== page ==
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After wading manfully through this (mostly challenging) series of original Bernice Summerfield novels, I have finally found a half-decent one. Lively and engaging throughout, Benny is squarely at the heart of the story, and is ably assisted by well-drawn accomplices – and there isn’t too much sci-fi jargon either. Despite the revamp of book covers which began with the previous novel in the series – Another Girl, Another Planet – in order to make them more appealing to a wider Sci-fi readership, the stories are written in very much the same vein as they have been since they went from being the further adventures of The Doctor, to Benny Summerfield solo outings: Benny drinks too much; is drawn to inappropriate people; makes other poor lifestyle choices; and is inexplicably (still) drawn to her buffoonish ex-husband Jason Kane, who makes another unwelcome appearance here. However, the difference with Parkin's latest novel is that Bernice appears to be having a ball; and the lively tone and fast-moving narrative never feels bogged down by cliché or tiresome authorial indulgence. A pair of roguish comedy sidekicks are a welcome addition to the roster of characters this series has introduced so far, and the book ends in such a way as to give me cause for optimism when approaching the remaining seven publications in the series.
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on 2 June 2000
The thing is, this book is one elaborate extended metaphor. The authors grew up around the Harrogate area and - lo and behold - Mars is turned into a planet-sized OAP centre paid for by holding party conferences, university junkets and the like. Everyone wears beige. By recycling Parkin's MA thesis on the University Novel (you know, Lodge, Davies, Bradbury) and spoofing the 90s Mars blockbusters they were going to have to be pretty sure-footed. For the first two-thirds of the book they get away with it, then it turns into BUGS. This means that they get twice as far into a 280-page Benny book than any of their predecessors in the range before dropping the ball. The main problem is their motivation is frustration at other writers' cliches, especially the kneejerk assumption in most of the New Adventures that multinational corporations are automatically bad and that war criminals do bad things because, well, because they're evil. A worthy ambition, but they get as far as Benny's rather abrupt realisation that the nice old dear she's befriended is the most hated person in the planet's history (and no-one else spotted her?) before the dumb 'Mission Impossible' sub-plot goes into overdrive. The main reason this book is to be given a chance is quite simply because it should have been the last time anyone used Jason Kane as the initiator of the plot. This dull character has finally been exposed as a bit of a tosser and the perennial question of why Our Heroine bothers with him has been settled: he's loaded. Apart from that it suffers from the familiar N/A faults of being written in a hurry and no effort on the part of writer(s) or Virgin to take the plot and give it a good kicking into shape. Still, not nearly as self-indulgently shoddy as Kate Orman's effort.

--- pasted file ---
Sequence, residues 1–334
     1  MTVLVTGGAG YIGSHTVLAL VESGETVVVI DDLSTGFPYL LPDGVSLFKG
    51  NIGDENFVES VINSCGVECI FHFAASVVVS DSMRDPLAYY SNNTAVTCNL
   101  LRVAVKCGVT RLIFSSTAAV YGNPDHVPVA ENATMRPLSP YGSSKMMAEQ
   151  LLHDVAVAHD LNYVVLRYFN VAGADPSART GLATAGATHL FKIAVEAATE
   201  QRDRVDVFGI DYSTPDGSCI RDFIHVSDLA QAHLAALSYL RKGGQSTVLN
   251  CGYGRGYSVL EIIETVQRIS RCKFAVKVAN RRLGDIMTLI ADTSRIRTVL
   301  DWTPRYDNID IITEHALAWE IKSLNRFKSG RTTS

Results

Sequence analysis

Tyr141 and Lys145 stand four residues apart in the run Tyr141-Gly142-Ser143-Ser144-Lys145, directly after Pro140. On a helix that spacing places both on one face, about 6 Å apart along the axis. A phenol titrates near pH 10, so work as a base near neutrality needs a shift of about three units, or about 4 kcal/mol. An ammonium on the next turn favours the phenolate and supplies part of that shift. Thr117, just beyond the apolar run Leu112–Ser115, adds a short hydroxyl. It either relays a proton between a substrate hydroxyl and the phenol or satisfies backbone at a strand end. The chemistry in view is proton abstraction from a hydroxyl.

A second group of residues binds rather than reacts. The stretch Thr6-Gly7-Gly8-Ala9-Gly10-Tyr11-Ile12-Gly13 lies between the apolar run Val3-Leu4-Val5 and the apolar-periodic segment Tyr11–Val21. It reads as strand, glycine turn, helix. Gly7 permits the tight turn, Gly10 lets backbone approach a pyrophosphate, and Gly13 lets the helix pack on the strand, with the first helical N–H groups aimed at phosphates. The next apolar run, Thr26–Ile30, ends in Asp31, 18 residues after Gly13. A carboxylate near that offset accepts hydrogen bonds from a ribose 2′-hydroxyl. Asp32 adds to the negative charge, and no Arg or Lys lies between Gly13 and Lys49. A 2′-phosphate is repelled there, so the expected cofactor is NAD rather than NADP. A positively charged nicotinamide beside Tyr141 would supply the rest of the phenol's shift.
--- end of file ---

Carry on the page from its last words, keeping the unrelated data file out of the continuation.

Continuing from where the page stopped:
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on 14 November 1999
This book begins with a fascinating account of the planet Mars' future history and our heroine is gently introduced to a basic whodunnit plot. However around the middle of the book things start to feel stretched. It's as if the authors will do anything to fill space and avoid puncturing the pregnant sense of mystery. This includes the sudden appearance of Benny's estranged husband and a chapter entirely devoted to the sexual tension of their reconciliation. The net effect is to disrupt the previous foundation laying and destroy any respect the reader had for Bernice or the authors.
Then on page 165 the big secret is just blurted out. The plot at this point is akin to the large rubber band Wiley Coyote walks back in straining and waiting for the roadrunner. Just like Wiley the plot then lurches forward at incredible speed, slams into a canyon wall and misses the bird. The climax of the novel is jarring and just plain feels wrong. It's as if Parkin and Clapham want a James Bond showdown with the villains but are too post-modern to care to do so. This book not only contains bad sex it is also the equivalent reading experience.
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